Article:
“Inflammation is a hallmark of a wide range of human diseases, so there is great potential for vinpocetine to be used for several indications,” said Bradford C. Berk, M.D., Ph.D., CEO of the University of Rochester Medical Center and co-author of the study. “Given vinpocetine’s efficacy and solid safety profile, we believe there is great potential to bring this drug to market.”
Repositioning a therapy – taking a known compound that has been used safely in humans and testing it for a new application – can be an effective way to bring new therapies to market more quickly than starting the discovery process from scratch.
Inflammatory diseases are a major cause of illness worldwide. For example, chronic obstructive pulmonary disease is the fourth leading cause of death in the United States. In people with COPD, airflow is blocked due to chronic bronchitis or emphysema, making it increasingly difficult to breathe. Most COPD is caused by long-term smoking, although genetics may play a role as well. Approximately 13.5 million people in the United States are diagnosed with COPD each year, and in 2004 the annual cost of the disease was $37.2 billion.
Public release date: 3-May-2010
Flaxseed-fed chickens shed light on ovarian cancer
the race to find answers about ovarian cancer, researchers now have something to cluck about. For five years, University of Illinois researchers have been using the chicken as a model to study this deadly disease and have recently discovered that a diet enriched with flaxseed decreases severity of ovarian cancer and increases survival in hens.
Flaxseed is the richest plant source of alpha-linolenic acid, one type of omega-3 fatty acid. Several studies have already shown that flaxseed inhibits the formation of colon, breast, skin and lung tumors.
For these reasons, it was logical to study how omega-3 fatty acids affect ovarian cancer as there continues to be no effective treatment at this time, said Janice Bahr, a professor emerita in the U of I Department of Animal Sciences and one of the nation’s leading poultry researchers.
According to Bahr, 25,000 women are diagnosed with ovarian cancer each year and 15,000 die. The incidences of death in other cancers have dropped recently, but ovarian cancer death rates have remained the same.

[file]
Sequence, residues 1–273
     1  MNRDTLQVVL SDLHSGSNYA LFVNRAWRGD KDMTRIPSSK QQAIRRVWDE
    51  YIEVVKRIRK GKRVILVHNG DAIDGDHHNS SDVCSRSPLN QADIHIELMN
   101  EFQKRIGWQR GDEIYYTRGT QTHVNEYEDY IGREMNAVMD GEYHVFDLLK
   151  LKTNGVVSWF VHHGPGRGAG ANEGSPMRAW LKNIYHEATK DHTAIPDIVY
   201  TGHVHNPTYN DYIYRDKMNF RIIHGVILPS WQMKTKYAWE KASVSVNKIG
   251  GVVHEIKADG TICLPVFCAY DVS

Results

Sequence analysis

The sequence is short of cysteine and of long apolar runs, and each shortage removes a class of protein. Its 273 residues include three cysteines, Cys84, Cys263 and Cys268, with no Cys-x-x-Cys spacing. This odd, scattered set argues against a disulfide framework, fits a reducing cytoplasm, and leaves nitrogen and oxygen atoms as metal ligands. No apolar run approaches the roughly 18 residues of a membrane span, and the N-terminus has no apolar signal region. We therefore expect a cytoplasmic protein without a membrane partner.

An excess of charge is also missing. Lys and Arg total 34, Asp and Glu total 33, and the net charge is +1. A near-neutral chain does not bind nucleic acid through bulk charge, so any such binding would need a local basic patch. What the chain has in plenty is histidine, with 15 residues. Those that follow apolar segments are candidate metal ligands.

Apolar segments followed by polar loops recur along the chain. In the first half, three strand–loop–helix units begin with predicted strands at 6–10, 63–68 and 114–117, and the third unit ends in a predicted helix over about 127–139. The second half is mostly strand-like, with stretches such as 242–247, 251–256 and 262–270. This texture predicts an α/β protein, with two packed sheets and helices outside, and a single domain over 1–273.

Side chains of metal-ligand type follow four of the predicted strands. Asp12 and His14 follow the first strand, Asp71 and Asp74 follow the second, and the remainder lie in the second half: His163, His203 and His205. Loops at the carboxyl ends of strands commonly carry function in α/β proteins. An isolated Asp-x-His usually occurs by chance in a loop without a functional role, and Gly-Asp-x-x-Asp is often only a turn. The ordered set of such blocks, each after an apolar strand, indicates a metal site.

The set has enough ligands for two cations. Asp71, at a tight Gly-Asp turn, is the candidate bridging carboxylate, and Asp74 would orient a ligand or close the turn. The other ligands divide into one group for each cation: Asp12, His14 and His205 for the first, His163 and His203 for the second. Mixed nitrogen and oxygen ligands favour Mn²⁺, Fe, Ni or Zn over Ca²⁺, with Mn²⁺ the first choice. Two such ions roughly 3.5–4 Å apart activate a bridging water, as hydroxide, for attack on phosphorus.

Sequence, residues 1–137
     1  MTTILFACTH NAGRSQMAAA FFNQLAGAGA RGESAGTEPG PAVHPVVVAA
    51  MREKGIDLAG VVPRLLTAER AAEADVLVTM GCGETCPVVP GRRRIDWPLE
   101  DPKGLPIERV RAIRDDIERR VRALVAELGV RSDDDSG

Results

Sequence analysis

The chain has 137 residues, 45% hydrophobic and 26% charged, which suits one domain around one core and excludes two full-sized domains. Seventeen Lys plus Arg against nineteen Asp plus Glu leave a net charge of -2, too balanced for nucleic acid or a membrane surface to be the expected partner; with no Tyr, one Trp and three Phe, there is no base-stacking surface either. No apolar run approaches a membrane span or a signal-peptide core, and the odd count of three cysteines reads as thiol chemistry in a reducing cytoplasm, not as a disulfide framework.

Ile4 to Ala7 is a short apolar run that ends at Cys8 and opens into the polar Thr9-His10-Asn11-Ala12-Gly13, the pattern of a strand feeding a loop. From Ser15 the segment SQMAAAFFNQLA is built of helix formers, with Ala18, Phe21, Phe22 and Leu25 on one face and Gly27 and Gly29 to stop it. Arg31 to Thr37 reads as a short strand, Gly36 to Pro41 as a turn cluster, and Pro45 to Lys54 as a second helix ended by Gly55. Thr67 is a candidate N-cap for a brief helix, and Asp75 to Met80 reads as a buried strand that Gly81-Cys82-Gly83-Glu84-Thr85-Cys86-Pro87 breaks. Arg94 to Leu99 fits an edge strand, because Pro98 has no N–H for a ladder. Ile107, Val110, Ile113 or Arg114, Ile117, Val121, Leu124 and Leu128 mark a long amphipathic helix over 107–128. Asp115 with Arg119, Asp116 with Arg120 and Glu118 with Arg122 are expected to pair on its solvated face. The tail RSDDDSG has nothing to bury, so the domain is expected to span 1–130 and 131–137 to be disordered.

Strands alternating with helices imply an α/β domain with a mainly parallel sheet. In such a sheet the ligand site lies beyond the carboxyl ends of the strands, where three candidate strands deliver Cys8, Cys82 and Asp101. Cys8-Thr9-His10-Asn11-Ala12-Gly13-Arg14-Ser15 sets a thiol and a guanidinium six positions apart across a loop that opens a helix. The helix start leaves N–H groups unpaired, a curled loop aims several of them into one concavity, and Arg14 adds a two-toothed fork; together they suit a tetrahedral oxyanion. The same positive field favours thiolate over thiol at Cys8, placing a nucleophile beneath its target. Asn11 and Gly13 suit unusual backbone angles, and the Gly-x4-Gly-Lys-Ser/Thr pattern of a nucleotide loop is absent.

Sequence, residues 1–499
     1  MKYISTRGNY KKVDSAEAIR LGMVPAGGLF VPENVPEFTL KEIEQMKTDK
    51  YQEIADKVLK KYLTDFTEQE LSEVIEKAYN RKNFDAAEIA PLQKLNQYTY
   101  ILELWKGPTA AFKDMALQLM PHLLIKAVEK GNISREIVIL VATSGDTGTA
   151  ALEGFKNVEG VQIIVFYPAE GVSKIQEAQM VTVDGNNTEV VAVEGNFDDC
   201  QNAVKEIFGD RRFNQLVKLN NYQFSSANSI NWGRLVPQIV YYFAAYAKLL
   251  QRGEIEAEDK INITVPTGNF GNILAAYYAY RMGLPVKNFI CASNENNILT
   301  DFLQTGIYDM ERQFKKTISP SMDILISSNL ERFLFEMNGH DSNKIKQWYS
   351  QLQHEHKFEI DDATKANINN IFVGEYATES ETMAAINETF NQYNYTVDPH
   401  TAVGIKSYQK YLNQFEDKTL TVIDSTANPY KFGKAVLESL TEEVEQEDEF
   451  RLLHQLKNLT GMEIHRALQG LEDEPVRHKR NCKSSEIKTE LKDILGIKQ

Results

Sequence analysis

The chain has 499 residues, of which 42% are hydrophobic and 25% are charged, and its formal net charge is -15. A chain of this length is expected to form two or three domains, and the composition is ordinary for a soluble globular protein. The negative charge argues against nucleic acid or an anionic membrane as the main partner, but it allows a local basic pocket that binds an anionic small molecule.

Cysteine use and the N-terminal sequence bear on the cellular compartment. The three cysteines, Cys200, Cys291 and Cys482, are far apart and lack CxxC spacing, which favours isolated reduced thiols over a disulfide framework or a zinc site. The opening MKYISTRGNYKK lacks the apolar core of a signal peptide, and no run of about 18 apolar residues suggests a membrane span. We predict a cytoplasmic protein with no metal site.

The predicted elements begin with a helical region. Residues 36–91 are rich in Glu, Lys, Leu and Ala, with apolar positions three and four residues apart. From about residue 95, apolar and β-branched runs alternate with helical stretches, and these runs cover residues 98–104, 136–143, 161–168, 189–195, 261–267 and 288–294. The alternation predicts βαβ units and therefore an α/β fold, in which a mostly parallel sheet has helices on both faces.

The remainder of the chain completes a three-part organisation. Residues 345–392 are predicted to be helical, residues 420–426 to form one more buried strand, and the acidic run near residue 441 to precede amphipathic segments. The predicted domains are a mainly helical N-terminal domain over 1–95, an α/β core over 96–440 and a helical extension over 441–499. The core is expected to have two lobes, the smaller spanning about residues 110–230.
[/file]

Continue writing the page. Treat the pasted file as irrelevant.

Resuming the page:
“The chicken is the only animal that spontaneously develops ovarian cancer on the surface of the ovaries like humans,” Bahr said. “In this study, we evaluated how a flaxseed-enriched diet affected 2-year-old laying hens (hens that have ovulated as many times as a woman entering menopause).”
The results showed that hens fed a flaxseed-enriched diet for one year experienced a significant reduction in late-stage ovarian tumors.
“Most women diagnosed with ovarian cancer have a very poor prognosis because they are not diagnosed until stage 3 or 4 when the cancer has metastasized and spread to other parts of the body,” Bahr said.
Hens fed the control diet had significantly more late-stage tumors that presented with fluid and metastases as compared to the hens fed a flaxseed diet. Though hens fed the flaxseed diet did not have a decreased incidence of ovarian cancer, they did experience fewer late-stage tumors and higher survival rates.
“In hens fed flaxseed, we found that more tumors were confined to the ovary and they had less metastatic spread,” she said. “This is an important finding as the metastases that accompany late-stage ovarian cancer are the main cause of death from this disease. If the cancer is found at an early stage, when the tumor is still confined to the ovary, women have a much better prognosis and more treatment options.”
In addition, researchers found that hens fed the flaxseed diet had better weight control which is important because obesity increases cancer risk. Both diets had equal caloric content, however the flaxseed-fed hens weighed less at six months than the control-fed hens. But at 12 months, the flaxseed-fed hens were the same weight and the control-fed hens had loss significant weight, which was indicative of their failing health. Ultimately, the flaxseed-enriched diet helped the birds maintain a healthy weight and resulted in less sickness and death.
“Through this research, we have proven that flaxseed supplementation for one year is able to reduce the severity of ovarian cancer in hens,” she said. “These findings may provide the basis for a clinical trial that evaluates the efficacy of flaxseed as a chemosuppressant of ovarian cancer in women.”
The cause of ovarian cancer remains unknown, but one of the most prevalent theories is the “incessant ovulation hypothesis,” proposed by MF Fathalla in 1971. He suggests that inflammation associated with continuous ovulation leaves ovarian surface epithelial cells susceptible to malignant transformation. The observation that egg-laying domestic hens frequently develop ovarian cancer supports this hypothesis.
Bahr believes this hypothesis is valid and is currently in the middle of a four-year study to determine if long-term dietary intervention with flaxseed will reduce the incidence of ovarian cancer development. The hens started the flaxseed-supplemented diet at 22 weeks of age, as soon as they commenced egg laying and before damage from ovulation had accumulated.
This research was published in Gynecologic Oncology and funded by a National Institutes of Health (NIH) National Center for Complementary and Alternative Medicine Grant, an American Institute for Cancer Research Grant, and an NIH Training Grant.
Researchers included principal investigator Dale Buchanan Hales of Southern Illinois University. Co-principal investigators include Janice Bahr of the University of Illinois at Urbana-Champaign; Kristine Ansenberger and Cassandra Richards of the University of Illinois at Chicago; and Yan Zhuge, Judith Luborsky and Animesh Barua of Rush University Medical Center.